Star Tribune: How sensing a downturn unleashed wild growth at Adolfson & Peterson Construction

Jeff Hansen, chief executive and Brad Hendrickson, Midwest president of Golden Valley-based Adolfson & Peterson Construction.


By: Dee DePass | July 11, 2021

Being a worry wart has paid off for Golden Valley-based Adolfson & Peterson Construction (AP).

Remembering the Great Recession, officials at Minnesota’s third-largest commercial construction firm started worrying three years ago about the possibility for yet another recession.

“For three years, we thought another recession might hit. So we had been preparing [by] building up our [project] backlogs,” said AP CEO Jeff Hansen. By the time the U.S. pandemic hit full force in March 2020, “we had the highest backlog in the company’s history,” he said.

That’s unusual. While other big firms ensure their jobs mix is well diversified, “I have not heard a lot of other people developing long-term plans just in case a recession hits,” said Dave Lyste, president of the Minnesota Construction Association.

Hansen’s team scurried to win new jobs across all five states where AP operates: Minnesota, Colorado, Wyoming, Texas and Arizona. The hustle paid off.

Signed contracts jumped 30% to create a $1.3 billion backlog. That cushion helped as COVID ravaged the U.S. economy.

bus garage

Adolfson & Peterson Construction and Knutson Construction will finish Metro Transit’s new $117 million and 400,000-square foot Minneapolis Bus Garage in 2022.


As COVID shut businesses, cities, concerts, ball games and much of public life, several AP clients delayed long-standing building projects. Others canceled jobs all together.

But thanks to extra hiring and aggressive bidding that padded the “to-do” list, Adolfson & Peterson retained enough business that revenue increased 25% in 2020 to $1.1 billion.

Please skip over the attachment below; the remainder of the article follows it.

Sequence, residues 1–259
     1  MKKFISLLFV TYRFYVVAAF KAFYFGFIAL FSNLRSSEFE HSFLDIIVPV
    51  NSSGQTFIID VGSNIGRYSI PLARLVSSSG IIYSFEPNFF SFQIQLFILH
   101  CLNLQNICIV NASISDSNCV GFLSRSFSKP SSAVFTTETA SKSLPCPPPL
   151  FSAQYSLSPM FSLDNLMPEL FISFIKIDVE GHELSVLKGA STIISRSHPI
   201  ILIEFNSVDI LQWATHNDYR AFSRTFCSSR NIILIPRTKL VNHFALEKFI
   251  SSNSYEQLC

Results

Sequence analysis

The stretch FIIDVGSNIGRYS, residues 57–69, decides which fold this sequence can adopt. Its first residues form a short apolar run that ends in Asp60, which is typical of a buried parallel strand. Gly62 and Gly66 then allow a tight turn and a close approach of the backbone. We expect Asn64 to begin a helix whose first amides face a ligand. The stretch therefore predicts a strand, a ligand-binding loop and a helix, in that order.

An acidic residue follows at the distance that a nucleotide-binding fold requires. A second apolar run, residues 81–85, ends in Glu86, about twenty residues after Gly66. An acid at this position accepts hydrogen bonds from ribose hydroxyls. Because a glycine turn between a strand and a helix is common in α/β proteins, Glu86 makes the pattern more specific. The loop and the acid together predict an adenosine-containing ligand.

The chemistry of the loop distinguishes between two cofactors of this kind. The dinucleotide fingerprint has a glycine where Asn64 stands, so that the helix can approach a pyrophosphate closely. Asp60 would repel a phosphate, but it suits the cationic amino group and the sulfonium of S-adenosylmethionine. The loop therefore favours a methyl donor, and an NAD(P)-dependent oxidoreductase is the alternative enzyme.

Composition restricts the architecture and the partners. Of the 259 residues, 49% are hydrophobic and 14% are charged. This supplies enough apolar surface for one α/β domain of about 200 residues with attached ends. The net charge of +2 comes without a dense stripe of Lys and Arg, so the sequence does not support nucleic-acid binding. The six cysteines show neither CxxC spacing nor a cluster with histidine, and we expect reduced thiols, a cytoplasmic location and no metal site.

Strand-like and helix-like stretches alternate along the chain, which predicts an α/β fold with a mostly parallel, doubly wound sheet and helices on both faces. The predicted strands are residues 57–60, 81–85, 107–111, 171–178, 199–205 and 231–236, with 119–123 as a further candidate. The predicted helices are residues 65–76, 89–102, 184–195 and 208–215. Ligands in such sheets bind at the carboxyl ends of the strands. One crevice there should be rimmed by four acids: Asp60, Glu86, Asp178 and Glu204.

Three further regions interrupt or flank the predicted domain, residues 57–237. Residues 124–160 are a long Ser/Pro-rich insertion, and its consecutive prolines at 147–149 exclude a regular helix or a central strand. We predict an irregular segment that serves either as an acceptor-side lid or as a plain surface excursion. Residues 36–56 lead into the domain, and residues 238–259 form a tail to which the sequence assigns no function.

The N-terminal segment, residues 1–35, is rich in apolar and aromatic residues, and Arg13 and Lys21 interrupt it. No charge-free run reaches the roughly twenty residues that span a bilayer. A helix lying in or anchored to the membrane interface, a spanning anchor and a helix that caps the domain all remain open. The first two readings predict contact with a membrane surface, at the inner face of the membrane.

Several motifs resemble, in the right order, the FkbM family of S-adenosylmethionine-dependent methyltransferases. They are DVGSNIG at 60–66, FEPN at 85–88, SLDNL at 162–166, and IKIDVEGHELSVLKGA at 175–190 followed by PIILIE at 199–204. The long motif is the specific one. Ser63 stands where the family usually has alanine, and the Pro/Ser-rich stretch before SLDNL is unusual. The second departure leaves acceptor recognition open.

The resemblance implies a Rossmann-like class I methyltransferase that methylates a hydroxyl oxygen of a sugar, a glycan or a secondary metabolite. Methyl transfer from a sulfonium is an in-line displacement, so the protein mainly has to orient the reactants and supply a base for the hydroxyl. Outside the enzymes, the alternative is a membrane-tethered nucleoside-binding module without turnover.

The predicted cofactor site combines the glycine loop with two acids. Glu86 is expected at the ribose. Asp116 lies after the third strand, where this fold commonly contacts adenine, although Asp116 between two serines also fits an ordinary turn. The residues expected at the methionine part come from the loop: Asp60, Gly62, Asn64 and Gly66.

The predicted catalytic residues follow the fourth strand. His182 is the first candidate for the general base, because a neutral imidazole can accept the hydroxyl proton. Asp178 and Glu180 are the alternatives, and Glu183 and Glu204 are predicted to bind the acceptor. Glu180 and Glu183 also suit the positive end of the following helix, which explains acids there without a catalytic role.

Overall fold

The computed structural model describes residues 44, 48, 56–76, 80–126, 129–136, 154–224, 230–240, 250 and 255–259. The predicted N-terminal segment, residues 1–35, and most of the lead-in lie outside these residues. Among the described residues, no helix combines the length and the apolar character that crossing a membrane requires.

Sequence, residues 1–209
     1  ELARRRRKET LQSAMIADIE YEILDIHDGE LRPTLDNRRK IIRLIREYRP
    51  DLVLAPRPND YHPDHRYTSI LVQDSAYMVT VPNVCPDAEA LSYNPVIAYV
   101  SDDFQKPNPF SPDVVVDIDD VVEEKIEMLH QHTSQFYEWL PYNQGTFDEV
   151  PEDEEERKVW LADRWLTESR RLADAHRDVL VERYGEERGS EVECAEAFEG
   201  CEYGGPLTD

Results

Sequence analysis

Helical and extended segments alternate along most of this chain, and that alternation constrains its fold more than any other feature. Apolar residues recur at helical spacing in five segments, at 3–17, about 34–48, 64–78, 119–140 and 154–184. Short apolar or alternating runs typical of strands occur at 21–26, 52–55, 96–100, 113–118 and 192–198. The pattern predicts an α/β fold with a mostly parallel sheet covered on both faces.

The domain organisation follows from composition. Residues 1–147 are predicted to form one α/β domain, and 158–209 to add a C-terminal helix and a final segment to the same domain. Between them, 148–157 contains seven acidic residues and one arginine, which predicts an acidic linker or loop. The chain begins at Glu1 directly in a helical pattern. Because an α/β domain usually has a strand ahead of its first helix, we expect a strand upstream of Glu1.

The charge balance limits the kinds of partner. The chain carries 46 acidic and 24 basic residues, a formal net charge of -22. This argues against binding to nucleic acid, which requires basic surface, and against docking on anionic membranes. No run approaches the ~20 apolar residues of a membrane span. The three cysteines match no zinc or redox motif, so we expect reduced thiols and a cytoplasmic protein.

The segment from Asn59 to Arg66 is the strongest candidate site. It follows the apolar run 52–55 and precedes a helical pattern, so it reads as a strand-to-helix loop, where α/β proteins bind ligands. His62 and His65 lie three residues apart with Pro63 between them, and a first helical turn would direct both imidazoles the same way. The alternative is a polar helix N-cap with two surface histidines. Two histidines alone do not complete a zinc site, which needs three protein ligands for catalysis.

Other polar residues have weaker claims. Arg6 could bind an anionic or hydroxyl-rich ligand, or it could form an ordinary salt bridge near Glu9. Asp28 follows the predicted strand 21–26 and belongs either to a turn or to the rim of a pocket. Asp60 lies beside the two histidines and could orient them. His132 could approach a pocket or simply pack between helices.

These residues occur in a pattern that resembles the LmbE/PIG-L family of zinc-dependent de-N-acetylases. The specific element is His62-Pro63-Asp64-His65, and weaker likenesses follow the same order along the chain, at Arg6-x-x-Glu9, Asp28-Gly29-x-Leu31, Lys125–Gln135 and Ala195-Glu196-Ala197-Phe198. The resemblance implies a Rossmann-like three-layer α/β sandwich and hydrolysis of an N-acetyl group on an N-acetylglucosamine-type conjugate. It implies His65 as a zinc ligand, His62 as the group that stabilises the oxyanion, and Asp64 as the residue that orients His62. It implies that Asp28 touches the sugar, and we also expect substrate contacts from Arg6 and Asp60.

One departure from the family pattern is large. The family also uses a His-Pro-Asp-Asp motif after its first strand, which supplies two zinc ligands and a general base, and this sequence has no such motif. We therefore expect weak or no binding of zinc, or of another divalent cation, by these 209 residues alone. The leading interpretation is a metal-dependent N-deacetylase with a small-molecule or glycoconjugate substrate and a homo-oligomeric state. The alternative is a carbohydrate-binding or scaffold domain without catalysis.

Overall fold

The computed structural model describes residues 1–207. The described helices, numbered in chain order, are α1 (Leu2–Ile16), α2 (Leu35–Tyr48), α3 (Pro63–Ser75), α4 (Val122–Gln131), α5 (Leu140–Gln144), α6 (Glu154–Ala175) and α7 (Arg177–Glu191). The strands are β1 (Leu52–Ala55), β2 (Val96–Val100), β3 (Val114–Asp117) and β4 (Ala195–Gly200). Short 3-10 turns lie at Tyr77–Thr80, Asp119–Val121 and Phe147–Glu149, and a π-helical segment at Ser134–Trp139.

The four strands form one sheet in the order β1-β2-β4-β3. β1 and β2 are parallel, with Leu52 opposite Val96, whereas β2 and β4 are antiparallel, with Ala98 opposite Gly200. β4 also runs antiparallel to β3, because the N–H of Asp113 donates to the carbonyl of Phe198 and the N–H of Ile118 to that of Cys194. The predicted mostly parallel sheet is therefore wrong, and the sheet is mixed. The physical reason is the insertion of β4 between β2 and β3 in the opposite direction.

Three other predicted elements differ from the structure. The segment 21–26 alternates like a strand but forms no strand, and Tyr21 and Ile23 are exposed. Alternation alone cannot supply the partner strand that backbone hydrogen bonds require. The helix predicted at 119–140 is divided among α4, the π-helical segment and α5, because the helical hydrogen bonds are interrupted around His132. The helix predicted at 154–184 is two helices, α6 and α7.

Hansen was pleased. “We don’t want to be known as the organization that only grows when the economy is good.”

The banner year coincides with AP’s 75th anniversary and stemmed from several education, senior housing and health-care construction projects that marched ahead despite the pandemic.

With the exception of behemoths such as Ryan Companies and Mortenson, many other construction firms were not so lucky.

U.S. construction starts for factories, offices, warehouses, institutional and other non-residential buildings sunk 19% between May 2020 and May 2021, according to construction industry tracker Dodge Data & Analytics.

To avoid the same fate, AP Midwest President Brad Hendrickson said his company avoided recession-sensitive clients and focused on those with strong balance sheets in the years leading up to the pandemic. “We have a lot of work in our pipeline and we are chasing [more],” he said. “We have done a pretty good job of collecting work in this fiscal year.”

AP Arizona saw a burst in medical building jobs, while AP Texas enjoyed a surge in office construction. Colorado experienced population gains from other states, prompting a flurry of bonding bills for several school construction projects that landed with AP.

In Minnesota, AP won 13 renovation and expansion projects in North St. Paul and other east metro school districts worth $254 million.

It recently won a job rebuilding an outdoor plaza at 3M’s headquarters in Maplewood.

Many of its 600 workers are busy building Flagstone Presbyterian Homes residences in Eden Prairie; the 185-apartment Bower Residences in Edina; and a five-story parking garage that is part of a larger expansion project at West Lake Quarter (formerly Calhoun Towers) in south Minneapolis, Hendrickson said.

AP is also building a nursing home in Bemidji and continuing its work on Metro Transit’s $117 million Minneapolis Bus Garage in north Minneapolis, where AP is building the 400,000-square-foot structure in conjunction with Knutson Construction.

The garage is expected to open next year after 30 months of construction.

Even so Adolfson & Peterson couldn’t escape all of COVID’s mayhem.

“Wood prices are four times what they were two years ago,” Hansen conceded. “And now we are seeing that a $2 million [price quote]] for supplies is good for only two minutes. Suppliers no longer hold their [quoted] prices for60 days and that has really caught everyone off guard.”

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